Ashoona’s drawings explore a range of themes from the politics of contemporary life in the North, of being an Inuk woman and of being an artist. She uses both phantasmagoric imagery and representations that are rooted in her experiences. Animals, humans and mystical creatures of various shapes and sizes are a thread throughout her works and depicted in a variety of real and imagined scenarios.

Shuvinai Ashoona (b. 1961 Kinngait)  Composition (Elephant, Octopus and Other Animals)  2016  Coloured pencil and ink 58.4 x 76.2 cm  Courtesy Feheley Fine Arts  Reproduced with permission of Dorset Fine Arts

Her work has been included in major exhibitions across Canada and internationally, including recent group exhibitions at The Esker Foundation, Calgary and Mercer Union, Toronto. Ashoona has also collaborated on numerous drawings and a publication with Toronto-based artist, Shary Boyle. The two artists share a complimentary aesthetic that has led to innovative works. Ashoona is the subject of a recent, digital publication by the Art Canada Institute, written by Dr. Nancy Campbell. She is the second Inuit artist to be profiled in an ACI Online Art Book; the first was Pitseolak Ashoona, RCA, who was the subject of a 2015 book written by Christine Lalonde. Both can be accessed online at Further, Ashoona was included in Phaidon’s major survey publication Vitamin D2: New Perspectives in Drawing, by Christian Rattemeyer. Ashoona’s RCA distinction is an important recognition of her prolific and impactful work as an artist.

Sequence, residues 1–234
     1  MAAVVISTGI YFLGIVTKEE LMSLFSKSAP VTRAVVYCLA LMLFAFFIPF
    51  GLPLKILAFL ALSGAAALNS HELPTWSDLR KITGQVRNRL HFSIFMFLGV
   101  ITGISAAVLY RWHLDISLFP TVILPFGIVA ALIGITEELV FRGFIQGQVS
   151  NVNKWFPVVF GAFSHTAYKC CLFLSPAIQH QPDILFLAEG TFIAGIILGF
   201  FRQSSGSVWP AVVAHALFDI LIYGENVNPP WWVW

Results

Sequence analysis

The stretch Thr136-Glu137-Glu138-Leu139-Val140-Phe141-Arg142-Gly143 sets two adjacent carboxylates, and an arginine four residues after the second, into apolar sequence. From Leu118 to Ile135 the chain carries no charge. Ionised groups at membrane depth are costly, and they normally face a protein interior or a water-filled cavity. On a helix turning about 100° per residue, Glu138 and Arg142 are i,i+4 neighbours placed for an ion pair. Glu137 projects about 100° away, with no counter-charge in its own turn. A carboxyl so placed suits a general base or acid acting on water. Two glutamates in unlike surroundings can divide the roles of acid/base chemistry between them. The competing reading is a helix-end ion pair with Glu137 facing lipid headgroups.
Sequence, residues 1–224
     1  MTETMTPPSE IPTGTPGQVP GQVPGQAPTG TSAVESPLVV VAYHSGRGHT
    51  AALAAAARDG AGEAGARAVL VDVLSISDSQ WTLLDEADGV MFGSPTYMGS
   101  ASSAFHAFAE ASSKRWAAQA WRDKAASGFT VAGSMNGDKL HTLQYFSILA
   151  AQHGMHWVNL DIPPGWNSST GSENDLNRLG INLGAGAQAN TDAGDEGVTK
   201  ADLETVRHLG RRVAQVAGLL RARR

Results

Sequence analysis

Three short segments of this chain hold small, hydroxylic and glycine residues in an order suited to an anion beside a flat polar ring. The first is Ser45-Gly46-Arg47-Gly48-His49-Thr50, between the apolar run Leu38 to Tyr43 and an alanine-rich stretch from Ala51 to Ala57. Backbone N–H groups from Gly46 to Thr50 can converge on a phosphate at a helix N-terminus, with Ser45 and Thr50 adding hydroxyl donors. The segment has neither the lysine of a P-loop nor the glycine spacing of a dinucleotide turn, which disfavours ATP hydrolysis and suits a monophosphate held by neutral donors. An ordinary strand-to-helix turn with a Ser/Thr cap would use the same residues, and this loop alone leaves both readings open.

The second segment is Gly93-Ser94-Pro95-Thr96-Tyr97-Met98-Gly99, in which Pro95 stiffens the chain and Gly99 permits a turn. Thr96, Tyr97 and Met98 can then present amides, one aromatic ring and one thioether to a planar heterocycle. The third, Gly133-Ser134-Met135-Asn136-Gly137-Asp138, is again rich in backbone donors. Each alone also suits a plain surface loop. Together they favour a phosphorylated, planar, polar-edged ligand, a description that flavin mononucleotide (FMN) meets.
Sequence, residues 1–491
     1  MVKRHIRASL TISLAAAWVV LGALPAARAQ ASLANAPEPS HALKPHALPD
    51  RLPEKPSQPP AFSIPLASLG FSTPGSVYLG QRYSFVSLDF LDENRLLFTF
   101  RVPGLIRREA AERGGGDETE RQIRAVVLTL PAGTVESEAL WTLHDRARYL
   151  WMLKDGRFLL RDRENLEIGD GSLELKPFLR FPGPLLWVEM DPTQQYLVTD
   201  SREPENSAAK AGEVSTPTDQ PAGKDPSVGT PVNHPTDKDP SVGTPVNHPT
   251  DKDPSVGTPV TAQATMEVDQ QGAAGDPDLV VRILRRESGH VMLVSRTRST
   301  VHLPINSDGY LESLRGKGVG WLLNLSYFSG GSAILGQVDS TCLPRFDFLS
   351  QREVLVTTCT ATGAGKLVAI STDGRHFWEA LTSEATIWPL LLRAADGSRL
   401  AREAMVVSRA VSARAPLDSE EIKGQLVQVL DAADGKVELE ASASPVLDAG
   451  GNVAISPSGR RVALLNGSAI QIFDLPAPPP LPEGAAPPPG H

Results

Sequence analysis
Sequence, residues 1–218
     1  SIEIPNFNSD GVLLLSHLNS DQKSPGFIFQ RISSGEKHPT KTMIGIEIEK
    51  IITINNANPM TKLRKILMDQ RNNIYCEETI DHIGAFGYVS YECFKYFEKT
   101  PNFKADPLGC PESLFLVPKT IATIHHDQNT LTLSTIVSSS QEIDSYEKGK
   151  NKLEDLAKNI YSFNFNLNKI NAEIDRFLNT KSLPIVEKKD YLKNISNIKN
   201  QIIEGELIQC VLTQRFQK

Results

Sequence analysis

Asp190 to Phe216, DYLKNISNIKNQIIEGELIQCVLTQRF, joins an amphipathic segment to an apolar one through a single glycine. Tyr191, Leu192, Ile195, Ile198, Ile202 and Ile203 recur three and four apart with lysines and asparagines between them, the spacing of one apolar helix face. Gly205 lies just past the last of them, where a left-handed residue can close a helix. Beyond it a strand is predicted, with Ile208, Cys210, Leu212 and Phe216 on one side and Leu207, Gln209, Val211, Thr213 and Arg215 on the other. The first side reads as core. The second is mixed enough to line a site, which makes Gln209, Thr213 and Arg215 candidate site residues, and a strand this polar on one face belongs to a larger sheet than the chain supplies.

Congratulations Shuvinai from everyone at the Inuit Art Quarterly!

Inuit Art at the 57th Venice Biennale